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Journal of Contemporary Brachytherapy
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2/2013
vol. 5
 
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Original paper
Prospective multi-center dosimetry study of low-dose Iodine-125 prostate brachytherapy performed after transurethral resection

Carl Salembier
,
Alex Rijnders
,
Ann Henry
,
Peter Niehoff
,
Frank André Siebert
,
Peter Hoskin

J Contemp Brachytherapy 2013; 5, 2: 63-69
Online publish date: 2013/06/28
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Purpose

Low dose rate I-125 seed brachytherapy is an established treatment for localized low risk prostate cancer. Both the American Brachytherapy Society (ABS) recommendations on permanent seed implant [1,2] and the Groupe de Curiethérapie-European Society for Radiotherapy and Oncology (GEC-ESTRO) guidelines [3] consider prior transurethral resection of the prostate (TURP), a relative contra-indication for prostate permanent seed brachytherapy. In many experienced brachytherapy centers, a history of endoscopic resection of the prostate remains an absolute contra-indication to prostate brachytherapy which is reflected in small number of publications in this area. These recommendations were principally based on an early report from the Seattle group [4], describing their initial experience, and reporting a major risk of significant toxicity and primarily urinary incontinence in brachytherapy patients who had undergone prior TURP. However, this data was based on a relatively small cohort of patients treated with early dosimetry planning systems, and homogeneous loading of the radioactive isotopes, when imaging and dosimetry was not well developed. With more extensive experience in the field of low dose rate (LDR) prostate brachytherapy, optimization of imaging techniques and improved loading and dosimetry techniques, the complication rate in this group of patients has considerably decreased. More recent reports [5-8] dealing with this specific item suggest that brachytherapy can be safely performed in a TURP patient group on condition that modern imaging, and optimized dosimetry techniques are used. Unfortunately, experience remains limited; reports are few and deal with small patient groups. Against this background of early reports in the literature and further personal experience we have developed a protocol for target and organ at risk contouring, definition of CTV and dosimetric parameters, based on the GEC-ESTRO guidelines for prostate seed implantation [9], but with some specific adaptation for the post-TURP situation. Pilot data from the use of this protocol in a small cohort of patients has been presented [8], and a larger prospective cohort study is planned. As part of the development of this, a planning exercise to assess the feasibility of adopting the planning protocol in a multicenter setting has been undertaken. Due to the multitude of different implantation techniques available in this multi-center environment, the variability between institutes will be evaluated. The proposed planning protocol will be considered as applicable if the qualitative and quantitative evaluation shows a fulfilling of the stated requirements by the majority of the participating centers.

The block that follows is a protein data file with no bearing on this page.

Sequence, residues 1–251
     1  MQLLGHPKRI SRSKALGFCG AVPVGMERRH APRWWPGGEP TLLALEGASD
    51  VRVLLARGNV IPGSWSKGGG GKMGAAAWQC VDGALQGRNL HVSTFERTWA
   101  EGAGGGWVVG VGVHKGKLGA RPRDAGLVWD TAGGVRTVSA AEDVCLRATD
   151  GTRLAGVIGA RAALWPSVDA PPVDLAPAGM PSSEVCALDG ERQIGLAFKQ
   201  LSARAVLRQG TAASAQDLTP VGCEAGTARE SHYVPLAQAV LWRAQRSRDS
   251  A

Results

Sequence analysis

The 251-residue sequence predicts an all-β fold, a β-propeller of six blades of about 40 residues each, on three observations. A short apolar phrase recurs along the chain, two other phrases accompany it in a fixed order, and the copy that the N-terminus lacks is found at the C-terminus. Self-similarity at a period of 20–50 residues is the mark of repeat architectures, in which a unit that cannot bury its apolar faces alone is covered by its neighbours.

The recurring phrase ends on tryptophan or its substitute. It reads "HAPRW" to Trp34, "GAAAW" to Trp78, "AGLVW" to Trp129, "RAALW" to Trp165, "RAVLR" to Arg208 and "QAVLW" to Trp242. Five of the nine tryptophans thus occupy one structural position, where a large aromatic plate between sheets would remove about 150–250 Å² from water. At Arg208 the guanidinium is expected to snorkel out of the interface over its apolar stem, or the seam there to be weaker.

Material and methods

Twenty-five prostate brachytherapy centers with extensive experience in I-125 monotherapy were invited to participate in the study. Each center received the data set containing a transrectal ultrasound image set with prostate, CTV, urethral defect and rectum delineated. The clinical history which accompanied the image set was of a patient with a previous history of a transurethral resection of the prostate for obstructive symptoms having been diagnosed with prostate cancer Gleason score 3+3, and stage pT1a with a rising PSA on active surveillance who had elected to undergo I-125 seed brachytherapy.